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‘Just stay home’ if you are ill

Health officials: Testing still important, COVID still very real

By Anna Jauhola
Over the last several weeks, Kittson County has experienced a steady rise in COVID-19 cases. While the good news is these haven’t been linked to large gatherings, the not so good news is the positivity rate shows community transmission is a part of the issue.
Andrea Swenson, RN, director of clinic nursing at Kittson Healthcare in Hallock, said there has not been a huge surge in COVID cases. The lab at the Hallock clinic keeps tabs on the number of positive tests and for the month of September, the clinics in Hallock and Karlstad, along with the emergency room in Hallock, tested an average of 10 people per day.
“I think the highest we had was 30 in one day,” Swenson said. “But it was a large variage for sure. These were symptomatic people and exposures.”
Although these cases did not stem from large events, that does not mean people should drop their guard when gathering with large or small groups. Jeanna Kujava, Kittson County public health director, said she was surprised by this information as she continued to conduct contact tracing calls.
She urges people to continue taking preventive measures. Swenson said any clusters of positive tests have been families.
School being back in session is a major player in the spread of COVID. Kujava said each school in the county has a decision tree they follow regarding symptoms. If students or staff have just one symptom – fever being the exception – of any illness, they’re not going to immediately be sent or made to stay home. However, two or more symptoms require them to stay home and get tested for COVID.
“If you have a fever, you need to stay home regardless,” Kujava said.
“Especially since we’re moving into flu and RSV season,” Swenson said. “COVID is not the only infectious disease we need to be careful of preventing.”
Kujava noted that this time last year, the Delta variant of COVID was not present in the area. She said it is comparable to the chickenpox virus in that Delta can affect up to 10 people around a positive individual.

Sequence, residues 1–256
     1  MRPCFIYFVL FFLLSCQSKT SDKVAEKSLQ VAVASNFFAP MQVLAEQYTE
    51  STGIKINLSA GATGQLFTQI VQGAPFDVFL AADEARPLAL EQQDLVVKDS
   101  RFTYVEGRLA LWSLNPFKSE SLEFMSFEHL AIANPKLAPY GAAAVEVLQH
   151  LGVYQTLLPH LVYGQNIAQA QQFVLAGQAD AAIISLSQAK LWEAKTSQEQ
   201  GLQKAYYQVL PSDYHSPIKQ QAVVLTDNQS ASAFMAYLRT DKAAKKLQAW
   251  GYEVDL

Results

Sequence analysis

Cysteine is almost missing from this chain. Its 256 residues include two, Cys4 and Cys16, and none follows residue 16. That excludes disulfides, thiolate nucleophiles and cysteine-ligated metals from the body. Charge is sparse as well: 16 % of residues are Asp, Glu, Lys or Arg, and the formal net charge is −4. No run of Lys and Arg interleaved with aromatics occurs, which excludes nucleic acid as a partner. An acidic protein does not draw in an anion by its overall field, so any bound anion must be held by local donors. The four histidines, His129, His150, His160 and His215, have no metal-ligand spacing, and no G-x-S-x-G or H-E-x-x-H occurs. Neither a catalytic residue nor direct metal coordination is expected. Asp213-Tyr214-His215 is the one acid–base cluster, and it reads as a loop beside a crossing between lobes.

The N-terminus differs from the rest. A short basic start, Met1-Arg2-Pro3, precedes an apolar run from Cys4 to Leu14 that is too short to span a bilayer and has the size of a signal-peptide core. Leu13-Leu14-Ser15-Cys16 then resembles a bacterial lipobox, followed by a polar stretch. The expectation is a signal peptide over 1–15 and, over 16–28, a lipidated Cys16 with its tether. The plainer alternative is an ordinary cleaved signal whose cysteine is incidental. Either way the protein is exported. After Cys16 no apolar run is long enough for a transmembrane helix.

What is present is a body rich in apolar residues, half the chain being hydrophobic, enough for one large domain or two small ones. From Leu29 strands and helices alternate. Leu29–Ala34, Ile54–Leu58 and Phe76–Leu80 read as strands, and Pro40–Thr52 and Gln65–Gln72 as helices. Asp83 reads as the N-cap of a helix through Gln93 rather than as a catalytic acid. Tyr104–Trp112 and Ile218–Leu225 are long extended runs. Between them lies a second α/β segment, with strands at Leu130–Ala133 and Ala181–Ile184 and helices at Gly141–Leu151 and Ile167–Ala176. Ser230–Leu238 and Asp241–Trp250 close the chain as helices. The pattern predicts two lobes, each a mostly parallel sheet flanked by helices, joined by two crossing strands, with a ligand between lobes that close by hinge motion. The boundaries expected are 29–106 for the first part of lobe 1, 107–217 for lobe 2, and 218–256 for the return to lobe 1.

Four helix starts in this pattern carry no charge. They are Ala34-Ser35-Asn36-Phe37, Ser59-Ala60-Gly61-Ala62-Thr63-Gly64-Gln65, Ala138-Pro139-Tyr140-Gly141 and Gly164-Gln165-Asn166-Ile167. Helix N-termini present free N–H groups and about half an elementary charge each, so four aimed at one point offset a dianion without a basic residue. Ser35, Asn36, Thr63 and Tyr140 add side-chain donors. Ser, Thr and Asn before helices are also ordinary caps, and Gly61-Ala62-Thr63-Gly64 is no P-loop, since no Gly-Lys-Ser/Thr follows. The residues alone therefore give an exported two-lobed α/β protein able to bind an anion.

“It’s quite a bit different than the original virus,” Kujava said. “It didn’t have that transmissibility. And that’s exactly what variants do. They create a more robust mechanism so they can survive, and that’s what we’re seeing.”
Of those who have tested positive recently, Swenson said it’s been a mix of vaccinated and unvaccinated individuals. In September, of the 40 positive cases reported from Kittson Healthcare, Swenson said she reported 15 of those as breakthrough cases.
Breakthrough cases are individuals who have been fully vaccinated and test positive for COVID-19. Swenson and Kujava stress this does not mean people shouldn’t get vaccinated. As with any vaccine, it is not 100 percent effective at preventing the disease.
If a vaccinated individual contracts COVID, their symptoms and chances of hospitalization will be lessened.
“The good part is we haven’t seen a ton of people severely ill. We’re still seeing asymptomatic positives. We’re still seeing people with very mild, just standard symptoms,” Swenson said. “Even in people vaccinated, they might have the standard loss of taste and smell, congestion or mild cough. You wouldn’t be able to pick out whether someone is vaccinated or not based on the positives we’re seeing.”
The Minnesota Department of Health has been analyzing swabs of positive cases that facilities send in for testing.
“When we send them swabs from our breakthrough cases, they test the viral load and then compare those to samples from unvaccinated people,” Swenson said. “And they are actually finding that the viral load in those who are vaccinated is less. So, you are less likely to be able to spread COVID if you are positive and vaccinated, in comparison with unvaccinated people.”